The very best trainer for your dog is you. Nothing strengthens the bond between you and your pet like patiently teaching cues — “Sit,” “Stay,” Come,” and so on — and rewarding her not just with food but also with your delight in her ability to follow through. All the give-and-take involved helps foster the emotional connection between the two of you, with a great deal of shared satisfaction.
But “you” may not be available. Perhaps you know you don’t have the patience, are simply too busy, or have just rescued a dog and don’t know enough about how to teach a dog to comply. In that case, hiring a trainer is the way to go. But how do you choose?
With the saying “First do no harm” in mind, you want to make sure a trainer you are considering employs no punishment. So ask the following three questions:
1. Do you believe that while physical punishments, or “corrections,” are not ideal, they must sometimes be employed?
2. Do you give corrections with a collar by jerking a dog’s head?
3. Do you ever use choke, prong, or shock collars?
The answer should always be “No.” If it’s not, move on. Training should never involve pain or fear. Such responses only inhibit a dog’s ability to learn. How well do you think you could learn if you feared physical punishment for getting the answer wrong? Another problem with fear-based training: It can make a dog aggressive.
More tips for deciding on the right trainer
Don’t fall into the trap of asking whether the person is a “positive” trainer. Plenty of trainers call themselves “positive” because they use some positive training but resort to physical punishment as well.
You may, however, want to find out if the person is a member of the Association of Professional Dog Trainers (www.apdt.com). The organization promotes positive, no-punishment training only and in fact may be able to help you locate an exclusively positive trainer in your area.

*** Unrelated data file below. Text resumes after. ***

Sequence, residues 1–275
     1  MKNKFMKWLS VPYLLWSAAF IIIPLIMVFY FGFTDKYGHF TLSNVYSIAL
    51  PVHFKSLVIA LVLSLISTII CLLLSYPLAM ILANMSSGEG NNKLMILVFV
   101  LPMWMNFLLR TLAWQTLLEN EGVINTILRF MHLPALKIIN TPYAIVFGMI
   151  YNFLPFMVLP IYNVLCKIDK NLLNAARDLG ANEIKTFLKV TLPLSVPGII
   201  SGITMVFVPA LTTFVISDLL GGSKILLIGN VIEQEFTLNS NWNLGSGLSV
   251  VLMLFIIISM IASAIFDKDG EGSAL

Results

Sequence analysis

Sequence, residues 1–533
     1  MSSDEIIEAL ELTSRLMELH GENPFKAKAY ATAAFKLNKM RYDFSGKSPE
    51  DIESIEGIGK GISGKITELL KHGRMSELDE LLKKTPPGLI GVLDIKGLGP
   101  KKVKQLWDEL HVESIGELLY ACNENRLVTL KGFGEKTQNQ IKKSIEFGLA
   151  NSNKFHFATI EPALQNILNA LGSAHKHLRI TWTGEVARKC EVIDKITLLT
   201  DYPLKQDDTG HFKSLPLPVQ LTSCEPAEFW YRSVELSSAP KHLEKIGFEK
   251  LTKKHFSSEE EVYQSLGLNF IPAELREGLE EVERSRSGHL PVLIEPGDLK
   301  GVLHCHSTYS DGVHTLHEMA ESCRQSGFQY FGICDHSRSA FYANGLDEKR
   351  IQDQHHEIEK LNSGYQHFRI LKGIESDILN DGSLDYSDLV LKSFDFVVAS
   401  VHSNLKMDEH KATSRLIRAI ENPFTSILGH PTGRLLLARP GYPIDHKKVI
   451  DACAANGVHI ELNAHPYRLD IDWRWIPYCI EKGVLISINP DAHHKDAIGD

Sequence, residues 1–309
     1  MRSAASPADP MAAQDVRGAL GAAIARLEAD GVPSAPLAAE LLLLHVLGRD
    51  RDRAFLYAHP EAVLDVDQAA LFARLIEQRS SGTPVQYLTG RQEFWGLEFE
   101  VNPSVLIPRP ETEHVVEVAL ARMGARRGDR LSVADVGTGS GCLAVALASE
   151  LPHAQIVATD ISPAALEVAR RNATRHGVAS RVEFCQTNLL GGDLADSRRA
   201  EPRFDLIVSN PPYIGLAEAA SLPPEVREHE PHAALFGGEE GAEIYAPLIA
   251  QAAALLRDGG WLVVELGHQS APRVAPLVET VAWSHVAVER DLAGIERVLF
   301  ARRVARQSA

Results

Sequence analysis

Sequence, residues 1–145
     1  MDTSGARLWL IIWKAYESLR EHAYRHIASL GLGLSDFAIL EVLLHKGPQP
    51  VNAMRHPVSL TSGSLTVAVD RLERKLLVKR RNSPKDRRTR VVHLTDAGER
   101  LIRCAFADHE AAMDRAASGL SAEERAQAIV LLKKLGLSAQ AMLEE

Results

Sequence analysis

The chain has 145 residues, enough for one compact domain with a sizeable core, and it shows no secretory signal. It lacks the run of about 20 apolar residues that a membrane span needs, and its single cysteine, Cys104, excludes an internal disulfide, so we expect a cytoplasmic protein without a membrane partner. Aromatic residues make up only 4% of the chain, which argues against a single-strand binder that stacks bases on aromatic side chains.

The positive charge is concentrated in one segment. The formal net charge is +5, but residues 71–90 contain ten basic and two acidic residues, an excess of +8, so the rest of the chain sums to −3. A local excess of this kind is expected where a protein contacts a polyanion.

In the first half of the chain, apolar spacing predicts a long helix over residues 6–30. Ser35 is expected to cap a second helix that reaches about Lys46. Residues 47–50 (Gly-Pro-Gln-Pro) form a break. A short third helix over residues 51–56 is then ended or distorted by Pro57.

Different strokes for different dogs
Beyond making sure the trainer uses positive training only, get a feel for her and then rely on your gut. Along with interviewing the trainer, observe her training another dog. Does she seem like she would be a good fit for your pet? Are the tails of the dogs in her care up and wagging or down and tucked? Does the person seem ready to scold?
If your pet is fearful and shy in the first place, you don’t want someone who comes on too strong. On the other hand, if your dog is a rambunctious handful, you might prefer someone who exhibits leadership skills without being mean.
Before you make a final decision, get some references. If the trainer balks when you ask for names and numbers of people to talk to, take it as a red flag. Someone who stands by her work shouldn’t get defensive about your talking to her other clients.
Another red flag: a trainer who tells you what to feed your dog or gives medical advice or instructions. Trainers train; they are not healthcare professionals.
Finally, if you choose someone and then two or three sessions in feel you made the wrong choice, stop. The goal is not to make the trainer comfortable; it’s to help your dog learn to cooperate with confidence so she can feel comfortable in her environment.